Is this how to make economy class "nicer"?
Breeze Airways wants to fix the airline class system. Good luck with that.
Nothing divides air travelers quite like the class system. The curtain between economy and business class isn't just a partition between "haves" and "have-nots." It also separates us ideologically — and ergonomically.
So when someone promises to bridge these differences, you might want to pay attention. And when that someone is David Neeleman, who invented JetBlue's famously egalitarian one-class cabins and who offered to "bring humanity back to air travel," well, then you have my attention.
And that's how I found myself at an event I wouldn't otherwise be caught dead at: the unveiling of Breeze Airways' new A220-300 aircraft in Mobile, Ala., last week. Breeze is Neeleman's latest airline venture, which aspires to serve chronically underserved markets in the United States with affordable nonstop flights. But it also allowed him to show off Breeze's new premium seat, which will debut next year.
Yeah, I know. The guy who brought humanity back to air travel is now giving us first class?
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Wait, can the class system be "nice"?
"What do you want Breeze to be known for?" I asked Neeleman in my latest Forbes interview.
"Niceness," he said
Neeleman isn't just riffing off one of his favorite themes with Breeze by claiming his airline will be nicer than the others. He's ridiculing his competitors, who he suggests are not so nice by treating their customers poorly, giving them inconvenient connections, making them uncomfortable and overcharging them.
But proof of niceness is found in the back of the plane. Domestic coach class is spectacularly awful, and in a way that feels deliberate. Airlines seem to be doing everything they can to make the experience as miserable as possible, with small seats that minimize your personal space. I just flew on one of those airlines from Dallas to Los Angeles, and the passenger in front of me leaned back after takeoff, leaving me with no place for my legs.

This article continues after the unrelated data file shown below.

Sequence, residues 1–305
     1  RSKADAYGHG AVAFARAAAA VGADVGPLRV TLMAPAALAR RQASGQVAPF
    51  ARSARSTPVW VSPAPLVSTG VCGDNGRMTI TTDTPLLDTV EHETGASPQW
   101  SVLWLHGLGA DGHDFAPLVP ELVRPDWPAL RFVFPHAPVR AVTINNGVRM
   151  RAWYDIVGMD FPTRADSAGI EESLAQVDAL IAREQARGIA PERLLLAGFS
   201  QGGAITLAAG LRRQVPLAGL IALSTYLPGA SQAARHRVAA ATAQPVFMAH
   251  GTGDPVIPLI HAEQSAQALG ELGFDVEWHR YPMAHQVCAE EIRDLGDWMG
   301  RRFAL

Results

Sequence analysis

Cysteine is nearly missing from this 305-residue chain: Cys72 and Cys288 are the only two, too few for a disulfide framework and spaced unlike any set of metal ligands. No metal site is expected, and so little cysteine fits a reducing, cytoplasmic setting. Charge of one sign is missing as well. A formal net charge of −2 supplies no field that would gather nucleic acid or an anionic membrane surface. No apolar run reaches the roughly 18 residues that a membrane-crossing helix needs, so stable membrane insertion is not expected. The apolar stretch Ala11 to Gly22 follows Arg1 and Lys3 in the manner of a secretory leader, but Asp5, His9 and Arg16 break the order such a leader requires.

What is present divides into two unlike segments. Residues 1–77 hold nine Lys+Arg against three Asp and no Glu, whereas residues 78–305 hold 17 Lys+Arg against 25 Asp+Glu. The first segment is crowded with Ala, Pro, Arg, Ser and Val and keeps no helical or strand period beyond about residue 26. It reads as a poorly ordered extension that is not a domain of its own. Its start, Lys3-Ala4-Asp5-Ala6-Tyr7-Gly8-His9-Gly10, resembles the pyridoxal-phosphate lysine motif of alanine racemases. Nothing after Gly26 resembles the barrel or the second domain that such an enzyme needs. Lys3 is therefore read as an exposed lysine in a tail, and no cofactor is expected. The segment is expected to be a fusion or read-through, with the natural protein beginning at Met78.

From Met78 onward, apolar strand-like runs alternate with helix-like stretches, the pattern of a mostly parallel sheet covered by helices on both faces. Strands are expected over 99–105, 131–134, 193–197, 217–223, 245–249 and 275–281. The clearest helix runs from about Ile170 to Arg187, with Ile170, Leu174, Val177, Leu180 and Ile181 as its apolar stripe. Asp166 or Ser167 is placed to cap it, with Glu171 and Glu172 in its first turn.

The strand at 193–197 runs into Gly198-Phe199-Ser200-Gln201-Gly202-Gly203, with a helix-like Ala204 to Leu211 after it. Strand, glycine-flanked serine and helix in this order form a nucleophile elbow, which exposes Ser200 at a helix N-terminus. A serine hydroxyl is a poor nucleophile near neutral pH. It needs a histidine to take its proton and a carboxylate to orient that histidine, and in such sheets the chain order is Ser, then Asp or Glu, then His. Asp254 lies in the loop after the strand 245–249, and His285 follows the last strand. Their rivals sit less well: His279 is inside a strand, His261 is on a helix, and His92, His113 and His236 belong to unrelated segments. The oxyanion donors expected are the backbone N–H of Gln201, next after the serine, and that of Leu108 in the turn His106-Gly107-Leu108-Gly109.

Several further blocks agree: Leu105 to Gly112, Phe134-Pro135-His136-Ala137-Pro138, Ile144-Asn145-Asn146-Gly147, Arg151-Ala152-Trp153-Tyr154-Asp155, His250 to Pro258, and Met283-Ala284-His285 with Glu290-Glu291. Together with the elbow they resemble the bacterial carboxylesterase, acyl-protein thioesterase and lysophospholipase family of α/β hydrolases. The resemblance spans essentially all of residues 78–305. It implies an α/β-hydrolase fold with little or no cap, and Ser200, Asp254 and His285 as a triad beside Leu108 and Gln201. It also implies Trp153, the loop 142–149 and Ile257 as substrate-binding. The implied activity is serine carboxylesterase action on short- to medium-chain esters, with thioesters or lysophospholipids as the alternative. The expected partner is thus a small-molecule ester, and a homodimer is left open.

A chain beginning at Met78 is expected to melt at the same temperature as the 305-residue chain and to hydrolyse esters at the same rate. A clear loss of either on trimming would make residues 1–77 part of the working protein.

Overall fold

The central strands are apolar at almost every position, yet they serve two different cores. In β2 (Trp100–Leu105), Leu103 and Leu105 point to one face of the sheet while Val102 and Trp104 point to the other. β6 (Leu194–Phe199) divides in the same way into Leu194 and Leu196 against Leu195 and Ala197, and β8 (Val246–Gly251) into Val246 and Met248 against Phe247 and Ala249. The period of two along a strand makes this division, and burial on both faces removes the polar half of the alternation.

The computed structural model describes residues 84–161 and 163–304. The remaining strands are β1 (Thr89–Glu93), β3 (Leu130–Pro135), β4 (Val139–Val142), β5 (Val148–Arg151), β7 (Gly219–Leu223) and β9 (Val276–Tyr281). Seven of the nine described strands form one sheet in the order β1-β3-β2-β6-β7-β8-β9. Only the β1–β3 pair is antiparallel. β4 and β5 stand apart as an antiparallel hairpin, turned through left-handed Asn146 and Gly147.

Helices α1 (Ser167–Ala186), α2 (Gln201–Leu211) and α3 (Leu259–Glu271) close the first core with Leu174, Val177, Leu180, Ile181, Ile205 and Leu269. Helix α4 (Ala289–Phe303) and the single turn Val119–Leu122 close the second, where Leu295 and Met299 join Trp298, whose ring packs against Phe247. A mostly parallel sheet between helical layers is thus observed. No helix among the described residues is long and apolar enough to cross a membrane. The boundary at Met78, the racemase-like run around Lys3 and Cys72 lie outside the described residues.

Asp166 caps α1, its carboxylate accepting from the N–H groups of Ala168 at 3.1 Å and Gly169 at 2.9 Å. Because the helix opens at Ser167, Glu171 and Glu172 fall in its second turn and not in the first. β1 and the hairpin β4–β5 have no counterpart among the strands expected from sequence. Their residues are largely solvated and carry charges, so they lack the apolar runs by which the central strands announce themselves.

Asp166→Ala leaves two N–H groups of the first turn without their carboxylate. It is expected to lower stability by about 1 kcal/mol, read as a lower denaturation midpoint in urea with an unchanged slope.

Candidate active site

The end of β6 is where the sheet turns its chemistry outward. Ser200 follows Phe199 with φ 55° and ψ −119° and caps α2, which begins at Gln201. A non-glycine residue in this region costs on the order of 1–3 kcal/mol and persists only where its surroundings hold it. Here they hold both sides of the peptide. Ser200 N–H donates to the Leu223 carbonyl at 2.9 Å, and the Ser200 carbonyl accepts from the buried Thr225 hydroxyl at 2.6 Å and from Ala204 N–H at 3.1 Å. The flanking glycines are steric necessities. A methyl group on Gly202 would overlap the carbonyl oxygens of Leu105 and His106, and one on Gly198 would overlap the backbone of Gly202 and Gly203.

Can an airline offer a premium cabin and still be nice to coach passengers? If you fly up front on one of the legacy carriers, you already know the answer. But for the rest of us — no, it can't.
Breeze says you can currently book two bundled fare types — ‘Nice’ or ‘Nicer.’ The ‘Nicer’ fare includes items such as a free carry-on and checked bag and an extra legroom seat at the time of booking. (Umm, it's not free if you're paying for it.)
And Breeze also wants you to know that when you book a flight on the A220-300, you'll have a third fare option: the ‘Nicest’ fare. It'll feature a bigger seat in the front of the cabin: 20.5 inches wide, with a 39-inch pitch and special features such as a footrest "for added comfort."
What do you think of the current class system?
Before we go on, I'd love to hear your thoughts. Is the current class system on planes fair to passengers? Is it morally right to have such a disparity between comfort, amenities and service? Or is this the perfect expression of the free market? Should the people in the back just shut up and be grateful that they have an opportunity to fly?
How about the back of the plane?
On Breeze's other plane, the Embraer 195, they spaced the seats 31 inches apart. That's about standard for the airline industry in 2021, give or take an inch or two. An Airbus official told me I couldn't sit in any of the seats to get a feel of the seat comfort because, technically, the aircraft hadn't been delivered to Breeze yet. But I guess these guys didn't get the memo.
I did, however, visually inspect the new ‘Nice’ economy seats. And from the looks of it, they are a little cozy. As a 6-foot-1 guy, I would probably spend the extra money for a ‘Nicest’ ticket.